On Sunday, the Nigeria Labour Congress, NLC, made it clear that it would push for the inclusion of a clause imposing punishment on governors and local government administrators who failed to enforce the new minimum wage.

In a conversation with our correspondent in Abuja, Hakeem Ambali, the National Treasurer of the NLC, stated that the refusal of state governors to pay the current minimum wage was due to a lack of punitive provisions in the Minimum Wage Act of 2019.

He said this as this newspaper on Sunday learnt that the 37-member committee set up by the Federal Government would meet this week to debate reports submitted by various sub-committees from the six zones of the country.

President Bola Tinubu through his Vice-president, Kashim Shettima, had on January 30,2024 inaugurated the 37-member panel on the new minimum wage.

With its membership cutting across federal, and state governments, the private sector, and organised labour, the panel is to recommend a new national minimum wage for the country.

Proposed sanctions

Ambali said, “When we look at the purchasing power in Nigeria, we can see a huge difference between 2019 and now. With the stoppage of the payment of the fuel subsidy, we can see an increase in the hardship of Nigerians.

“In the new minimum wage bill which will soon be signed into law by the President, we have put in some internal clauses to make it difficult for governors not to pay the new minimum wage. It is also good to know that some of the governors are also involved in the negotiation process.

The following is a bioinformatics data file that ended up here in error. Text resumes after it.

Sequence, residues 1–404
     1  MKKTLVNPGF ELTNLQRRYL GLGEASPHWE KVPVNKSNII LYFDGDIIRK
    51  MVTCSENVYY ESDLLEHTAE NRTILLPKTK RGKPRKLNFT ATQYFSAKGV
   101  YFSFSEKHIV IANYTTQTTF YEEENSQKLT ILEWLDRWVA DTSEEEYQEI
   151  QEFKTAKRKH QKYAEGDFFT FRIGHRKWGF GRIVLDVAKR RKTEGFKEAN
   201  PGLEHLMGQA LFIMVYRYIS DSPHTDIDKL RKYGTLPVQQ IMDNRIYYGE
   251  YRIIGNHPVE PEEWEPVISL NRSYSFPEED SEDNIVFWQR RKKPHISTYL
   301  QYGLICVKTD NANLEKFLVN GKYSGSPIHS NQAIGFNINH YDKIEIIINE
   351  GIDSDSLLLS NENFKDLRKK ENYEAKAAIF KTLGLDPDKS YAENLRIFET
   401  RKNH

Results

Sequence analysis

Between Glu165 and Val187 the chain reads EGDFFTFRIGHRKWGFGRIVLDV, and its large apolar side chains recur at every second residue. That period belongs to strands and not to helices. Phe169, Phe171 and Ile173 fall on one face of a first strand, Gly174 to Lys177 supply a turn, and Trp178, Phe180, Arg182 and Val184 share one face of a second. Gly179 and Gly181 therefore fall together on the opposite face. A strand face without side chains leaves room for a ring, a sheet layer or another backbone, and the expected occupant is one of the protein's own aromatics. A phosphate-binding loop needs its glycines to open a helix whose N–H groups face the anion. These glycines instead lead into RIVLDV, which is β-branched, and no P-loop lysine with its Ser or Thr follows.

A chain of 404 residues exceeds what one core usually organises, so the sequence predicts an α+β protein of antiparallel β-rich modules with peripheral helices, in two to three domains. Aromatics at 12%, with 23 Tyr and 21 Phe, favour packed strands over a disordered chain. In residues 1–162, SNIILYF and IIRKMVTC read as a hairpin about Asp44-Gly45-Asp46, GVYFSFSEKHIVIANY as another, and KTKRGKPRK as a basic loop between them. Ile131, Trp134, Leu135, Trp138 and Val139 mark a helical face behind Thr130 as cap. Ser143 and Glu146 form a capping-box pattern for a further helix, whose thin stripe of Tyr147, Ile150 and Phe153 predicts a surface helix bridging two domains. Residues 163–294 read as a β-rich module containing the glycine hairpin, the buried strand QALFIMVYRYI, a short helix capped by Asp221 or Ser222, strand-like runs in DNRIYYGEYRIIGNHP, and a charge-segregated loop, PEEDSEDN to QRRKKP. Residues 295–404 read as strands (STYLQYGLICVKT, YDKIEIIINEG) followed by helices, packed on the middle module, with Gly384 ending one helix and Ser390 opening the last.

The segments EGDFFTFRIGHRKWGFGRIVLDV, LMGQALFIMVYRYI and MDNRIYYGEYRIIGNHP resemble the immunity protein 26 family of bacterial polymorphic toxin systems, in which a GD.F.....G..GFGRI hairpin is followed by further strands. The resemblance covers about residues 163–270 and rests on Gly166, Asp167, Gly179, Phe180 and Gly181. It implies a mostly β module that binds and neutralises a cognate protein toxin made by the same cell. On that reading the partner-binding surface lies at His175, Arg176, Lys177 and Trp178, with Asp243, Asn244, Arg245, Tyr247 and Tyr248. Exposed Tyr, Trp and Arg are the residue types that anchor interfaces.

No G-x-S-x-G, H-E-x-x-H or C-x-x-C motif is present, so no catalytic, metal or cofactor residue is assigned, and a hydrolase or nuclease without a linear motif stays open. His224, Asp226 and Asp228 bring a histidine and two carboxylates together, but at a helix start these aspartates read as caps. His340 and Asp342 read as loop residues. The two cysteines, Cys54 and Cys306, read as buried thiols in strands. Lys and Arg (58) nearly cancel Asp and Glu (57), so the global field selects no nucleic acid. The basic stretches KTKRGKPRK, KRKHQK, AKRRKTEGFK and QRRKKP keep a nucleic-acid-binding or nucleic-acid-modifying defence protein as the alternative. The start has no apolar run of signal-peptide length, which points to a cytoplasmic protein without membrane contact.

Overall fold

“Labour itself has to be responsive. Once the National Minimum Wage Bill is signed into law juxtaposed with Labour’s responsiveness, we know they will pay. As you can see,0 even private companies have started increasing the salaries of workers and some of them are even paying wage awards for their workers.

“So in the bill, the clause involves sanctions and also talks about increased allocation to local governments so that nobody will have any excuse of not paying the approved rate.”

Meanwhile, the 37-member Tripartite Committee on Minimum Wage appointed by the Federal Government will hold a meeting this week to debate proposals by stakeholders on the new minimum wage.

An executive bill is also expected to be sent to the National Assembly as a form of amendment to the current Minimum Wage Act.

The minimum wage to be unveiled is expected to cushion the effects of the removal of subsidy on Premium Motor Spirit.

During the public hearings, different zones suggested different amounts for minimum wage. The South-West zone suggested N794,000; the North -East proposed the sum of N560,000 as minimum wage; North- West proposed N485,000; The North-Central proposed N709,000; the South-South demanded N850,000 while the South -East demanded N540,000.




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